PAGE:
If you’re looking for a good bread recipe to use as toast with the Citrus Pear Marmalade, then I strongly recommend this Classic White Bread or this Whole Wheat Sandwich Bread!  Aside from a topping on toast, this marmalade would also make a great addition on top of a cheesecake or (for a savory option) a grilled pork tenderloin.  Enjoy!

Citrus Pear Marmalade

Citrus Pear Marmalade

Love pears?  Turn 'em into Citrus Pear Marmalade with this recipe that also diced pineapples and orange juice!
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Prep Time: 10 minutes
Cook Time: 1 hour
Total Time: 1 hour 10 minutes
Servings: 24 servings
Calories: 101kcal


  • 4 ripe pears peeled and cored
  • 1 20 ounce can of diced pineapple, drained
  • ½ cup orange juice
  • Juice of 2 lemons ~5-6 Tbsp
  • Zest of 2 lemons ~2 Tbsp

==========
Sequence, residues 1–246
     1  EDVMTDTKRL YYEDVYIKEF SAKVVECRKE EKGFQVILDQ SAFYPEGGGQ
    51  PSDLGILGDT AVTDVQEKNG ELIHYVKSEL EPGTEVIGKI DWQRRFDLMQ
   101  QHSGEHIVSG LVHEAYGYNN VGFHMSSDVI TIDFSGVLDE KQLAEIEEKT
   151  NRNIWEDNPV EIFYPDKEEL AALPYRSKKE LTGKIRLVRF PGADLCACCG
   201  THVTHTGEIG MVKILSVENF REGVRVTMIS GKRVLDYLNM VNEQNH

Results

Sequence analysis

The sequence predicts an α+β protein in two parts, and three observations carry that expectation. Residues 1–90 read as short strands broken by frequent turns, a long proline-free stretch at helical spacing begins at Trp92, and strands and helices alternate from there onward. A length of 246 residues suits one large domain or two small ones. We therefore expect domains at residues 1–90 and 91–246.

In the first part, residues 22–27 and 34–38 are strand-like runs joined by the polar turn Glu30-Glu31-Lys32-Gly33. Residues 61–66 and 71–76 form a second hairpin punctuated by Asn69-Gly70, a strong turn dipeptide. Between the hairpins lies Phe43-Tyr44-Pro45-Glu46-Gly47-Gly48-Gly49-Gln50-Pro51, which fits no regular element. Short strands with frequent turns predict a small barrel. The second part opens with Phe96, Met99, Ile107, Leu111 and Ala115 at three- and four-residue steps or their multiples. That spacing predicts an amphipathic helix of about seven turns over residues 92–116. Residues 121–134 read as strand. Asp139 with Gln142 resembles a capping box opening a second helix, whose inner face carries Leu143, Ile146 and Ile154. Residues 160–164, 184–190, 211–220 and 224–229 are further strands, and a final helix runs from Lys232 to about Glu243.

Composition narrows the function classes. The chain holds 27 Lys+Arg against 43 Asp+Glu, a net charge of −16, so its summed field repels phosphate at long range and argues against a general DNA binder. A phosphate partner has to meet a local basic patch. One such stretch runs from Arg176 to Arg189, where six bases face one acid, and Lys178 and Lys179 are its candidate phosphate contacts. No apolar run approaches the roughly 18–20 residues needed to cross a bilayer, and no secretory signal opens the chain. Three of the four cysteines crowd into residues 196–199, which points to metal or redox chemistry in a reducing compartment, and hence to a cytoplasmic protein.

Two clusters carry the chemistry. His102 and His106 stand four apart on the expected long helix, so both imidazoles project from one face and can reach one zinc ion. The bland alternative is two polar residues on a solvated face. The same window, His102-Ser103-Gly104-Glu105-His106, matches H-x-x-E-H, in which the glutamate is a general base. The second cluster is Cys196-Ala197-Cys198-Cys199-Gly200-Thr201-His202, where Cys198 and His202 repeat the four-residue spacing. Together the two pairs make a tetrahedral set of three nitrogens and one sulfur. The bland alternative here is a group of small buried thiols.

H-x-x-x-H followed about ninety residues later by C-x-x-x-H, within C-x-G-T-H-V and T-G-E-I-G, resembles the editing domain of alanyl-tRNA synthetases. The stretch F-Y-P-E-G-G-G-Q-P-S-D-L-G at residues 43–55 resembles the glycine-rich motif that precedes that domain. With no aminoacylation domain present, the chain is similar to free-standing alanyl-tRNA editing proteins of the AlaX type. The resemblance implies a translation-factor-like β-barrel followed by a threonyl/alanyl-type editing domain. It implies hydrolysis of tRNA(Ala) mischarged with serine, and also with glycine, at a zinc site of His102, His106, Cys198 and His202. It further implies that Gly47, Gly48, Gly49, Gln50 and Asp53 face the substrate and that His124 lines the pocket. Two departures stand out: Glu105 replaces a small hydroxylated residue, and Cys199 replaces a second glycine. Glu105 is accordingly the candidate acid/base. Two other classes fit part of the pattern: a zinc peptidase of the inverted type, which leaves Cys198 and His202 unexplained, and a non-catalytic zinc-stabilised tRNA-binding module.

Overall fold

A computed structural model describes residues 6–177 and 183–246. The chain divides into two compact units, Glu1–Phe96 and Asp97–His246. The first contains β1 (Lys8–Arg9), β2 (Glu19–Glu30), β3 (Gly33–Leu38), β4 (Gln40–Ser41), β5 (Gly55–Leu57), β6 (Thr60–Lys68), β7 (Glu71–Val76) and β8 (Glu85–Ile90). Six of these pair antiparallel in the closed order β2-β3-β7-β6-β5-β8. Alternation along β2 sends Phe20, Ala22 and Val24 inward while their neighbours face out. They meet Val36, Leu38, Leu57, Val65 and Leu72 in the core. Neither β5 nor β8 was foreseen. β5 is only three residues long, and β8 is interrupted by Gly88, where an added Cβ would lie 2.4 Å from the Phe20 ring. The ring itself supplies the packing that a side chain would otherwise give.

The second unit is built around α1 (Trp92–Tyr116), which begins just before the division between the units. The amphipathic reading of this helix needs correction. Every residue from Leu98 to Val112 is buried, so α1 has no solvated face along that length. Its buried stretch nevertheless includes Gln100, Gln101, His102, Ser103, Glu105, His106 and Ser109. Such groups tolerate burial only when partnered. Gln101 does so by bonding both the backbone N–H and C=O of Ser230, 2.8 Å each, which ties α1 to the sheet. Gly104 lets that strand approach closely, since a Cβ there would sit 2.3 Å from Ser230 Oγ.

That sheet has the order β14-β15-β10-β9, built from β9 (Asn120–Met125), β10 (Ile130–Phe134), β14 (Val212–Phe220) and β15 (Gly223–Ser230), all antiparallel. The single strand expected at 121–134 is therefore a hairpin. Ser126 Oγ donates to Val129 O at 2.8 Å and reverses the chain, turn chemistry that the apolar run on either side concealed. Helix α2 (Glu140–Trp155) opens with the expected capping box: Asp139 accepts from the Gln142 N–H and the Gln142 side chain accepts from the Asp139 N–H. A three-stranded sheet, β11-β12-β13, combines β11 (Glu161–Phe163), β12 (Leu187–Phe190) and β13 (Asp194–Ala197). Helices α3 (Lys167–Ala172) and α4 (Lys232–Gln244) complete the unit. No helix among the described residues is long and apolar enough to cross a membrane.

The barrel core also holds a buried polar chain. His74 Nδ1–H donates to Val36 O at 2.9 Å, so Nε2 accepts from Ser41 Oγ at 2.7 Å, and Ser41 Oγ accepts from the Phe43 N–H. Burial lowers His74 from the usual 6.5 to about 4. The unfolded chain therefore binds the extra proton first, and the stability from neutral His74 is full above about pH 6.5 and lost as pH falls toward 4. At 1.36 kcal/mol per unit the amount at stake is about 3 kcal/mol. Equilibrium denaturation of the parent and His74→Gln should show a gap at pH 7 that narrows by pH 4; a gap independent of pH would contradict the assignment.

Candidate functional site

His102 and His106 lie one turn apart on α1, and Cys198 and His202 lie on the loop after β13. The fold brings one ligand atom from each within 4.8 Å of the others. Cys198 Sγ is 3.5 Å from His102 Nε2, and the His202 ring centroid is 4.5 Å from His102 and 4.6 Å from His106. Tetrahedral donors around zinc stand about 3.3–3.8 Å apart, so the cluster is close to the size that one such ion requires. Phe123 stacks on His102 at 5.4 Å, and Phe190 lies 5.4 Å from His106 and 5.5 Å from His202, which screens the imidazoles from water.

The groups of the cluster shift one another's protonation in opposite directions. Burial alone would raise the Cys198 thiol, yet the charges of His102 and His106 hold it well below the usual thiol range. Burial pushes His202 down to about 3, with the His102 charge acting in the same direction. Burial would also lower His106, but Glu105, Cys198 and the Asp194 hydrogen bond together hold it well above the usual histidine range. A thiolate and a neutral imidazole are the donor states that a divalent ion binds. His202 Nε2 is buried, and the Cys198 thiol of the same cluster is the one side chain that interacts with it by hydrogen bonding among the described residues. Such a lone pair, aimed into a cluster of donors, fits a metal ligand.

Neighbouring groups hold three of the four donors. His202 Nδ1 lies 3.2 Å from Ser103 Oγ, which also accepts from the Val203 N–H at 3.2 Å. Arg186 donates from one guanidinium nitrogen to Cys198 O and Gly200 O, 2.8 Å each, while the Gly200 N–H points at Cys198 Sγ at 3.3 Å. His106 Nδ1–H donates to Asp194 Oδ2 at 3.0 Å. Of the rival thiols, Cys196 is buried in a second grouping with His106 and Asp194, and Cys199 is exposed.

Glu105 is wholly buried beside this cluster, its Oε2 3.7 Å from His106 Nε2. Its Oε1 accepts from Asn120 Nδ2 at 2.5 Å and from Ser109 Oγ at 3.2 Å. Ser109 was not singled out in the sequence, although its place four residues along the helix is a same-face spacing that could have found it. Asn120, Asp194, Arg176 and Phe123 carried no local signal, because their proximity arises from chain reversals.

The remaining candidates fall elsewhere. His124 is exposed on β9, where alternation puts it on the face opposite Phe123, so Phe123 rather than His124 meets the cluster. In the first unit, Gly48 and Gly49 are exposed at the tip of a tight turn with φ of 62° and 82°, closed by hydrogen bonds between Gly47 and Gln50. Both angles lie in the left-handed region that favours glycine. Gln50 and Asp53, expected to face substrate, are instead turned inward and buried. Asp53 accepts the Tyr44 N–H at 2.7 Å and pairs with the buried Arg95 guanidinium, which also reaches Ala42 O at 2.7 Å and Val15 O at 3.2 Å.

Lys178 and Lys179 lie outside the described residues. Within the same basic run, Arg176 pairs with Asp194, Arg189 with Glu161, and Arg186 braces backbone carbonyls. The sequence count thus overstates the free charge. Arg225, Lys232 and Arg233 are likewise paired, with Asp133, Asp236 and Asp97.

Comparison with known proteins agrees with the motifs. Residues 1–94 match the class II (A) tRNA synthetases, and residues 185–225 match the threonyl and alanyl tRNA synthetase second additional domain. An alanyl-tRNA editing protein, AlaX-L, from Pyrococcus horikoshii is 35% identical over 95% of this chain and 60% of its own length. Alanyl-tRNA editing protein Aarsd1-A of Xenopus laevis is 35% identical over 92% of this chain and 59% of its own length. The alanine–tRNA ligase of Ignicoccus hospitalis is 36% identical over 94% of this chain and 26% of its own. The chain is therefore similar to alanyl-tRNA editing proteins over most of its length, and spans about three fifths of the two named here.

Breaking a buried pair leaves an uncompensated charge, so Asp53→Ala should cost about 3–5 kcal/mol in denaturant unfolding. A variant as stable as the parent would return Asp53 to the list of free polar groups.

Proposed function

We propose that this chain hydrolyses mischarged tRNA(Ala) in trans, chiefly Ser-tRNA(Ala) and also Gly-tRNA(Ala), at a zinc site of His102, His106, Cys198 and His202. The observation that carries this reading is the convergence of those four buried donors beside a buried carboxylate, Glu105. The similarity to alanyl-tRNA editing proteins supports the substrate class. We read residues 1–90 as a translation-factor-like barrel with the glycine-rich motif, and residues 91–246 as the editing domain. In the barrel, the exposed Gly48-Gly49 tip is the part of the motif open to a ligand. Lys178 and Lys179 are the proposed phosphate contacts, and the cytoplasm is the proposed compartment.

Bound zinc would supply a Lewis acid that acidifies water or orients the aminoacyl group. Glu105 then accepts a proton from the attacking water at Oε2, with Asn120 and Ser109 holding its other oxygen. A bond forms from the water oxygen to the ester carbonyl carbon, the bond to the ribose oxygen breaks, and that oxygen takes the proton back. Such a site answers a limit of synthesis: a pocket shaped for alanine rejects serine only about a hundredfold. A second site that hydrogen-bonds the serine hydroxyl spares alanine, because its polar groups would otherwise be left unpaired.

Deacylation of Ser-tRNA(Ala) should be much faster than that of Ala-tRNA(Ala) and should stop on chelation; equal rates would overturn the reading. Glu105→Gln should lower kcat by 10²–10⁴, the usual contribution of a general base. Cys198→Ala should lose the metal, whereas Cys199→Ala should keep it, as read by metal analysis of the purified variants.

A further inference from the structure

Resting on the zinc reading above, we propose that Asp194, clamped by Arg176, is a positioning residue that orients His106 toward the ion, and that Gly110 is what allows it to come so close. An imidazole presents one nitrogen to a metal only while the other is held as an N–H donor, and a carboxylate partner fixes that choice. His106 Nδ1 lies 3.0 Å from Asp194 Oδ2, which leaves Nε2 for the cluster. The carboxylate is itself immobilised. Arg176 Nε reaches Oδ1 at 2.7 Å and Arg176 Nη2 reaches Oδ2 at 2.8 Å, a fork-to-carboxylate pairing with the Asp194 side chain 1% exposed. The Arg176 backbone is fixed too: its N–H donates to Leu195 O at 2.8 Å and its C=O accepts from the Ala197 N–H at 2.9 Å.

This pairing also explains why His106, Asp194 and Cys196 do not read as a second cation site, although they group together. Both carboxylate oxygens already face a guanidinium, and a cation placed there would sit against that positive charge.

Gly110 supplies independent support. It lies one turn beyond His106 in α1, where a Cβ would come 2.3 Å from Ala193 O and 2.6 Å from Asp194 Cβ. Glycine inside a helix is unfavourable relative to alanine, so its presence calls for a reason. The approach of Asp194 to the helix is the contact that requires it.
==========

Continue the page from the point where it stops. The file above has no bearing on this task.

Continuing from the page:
• cups sugar


  • Using a food processor, puree the pears until smooth.
  • In a medium saucepot, combine the pureed pears, diced pineapple, orange juice, lemon juice, and lemon zest. Stir until well combined and heat to roiling boil on high heat, stirring occasionally.
  • Once mixture begins to boil, reduce heat to medium-low, add sugar and stir until well combined.
  • Simmer at medium/medium-low until mixture reaches 220°F (~1 hour), stirring every 8-10 minutes.
  • Once mixture reaches 220°F, allow it to boil for another 2-3 minutes, stirring constantly. (Note: The marmalade should be fairly thick at this point. If it drips off of a wooden spoon easily, then allow it to cook for several more minutes while you stir it constantly.)
  • Remove marmalade from heat and let cool at room temperature. Once fully cooled, store in air-tight container in refrigerator for up to 3 weeks.


Tip: Use a wooden spoon to stir the marmalade frequently...especially as it thickens. The thicker it gets, the faster it will burn if you don't stir it!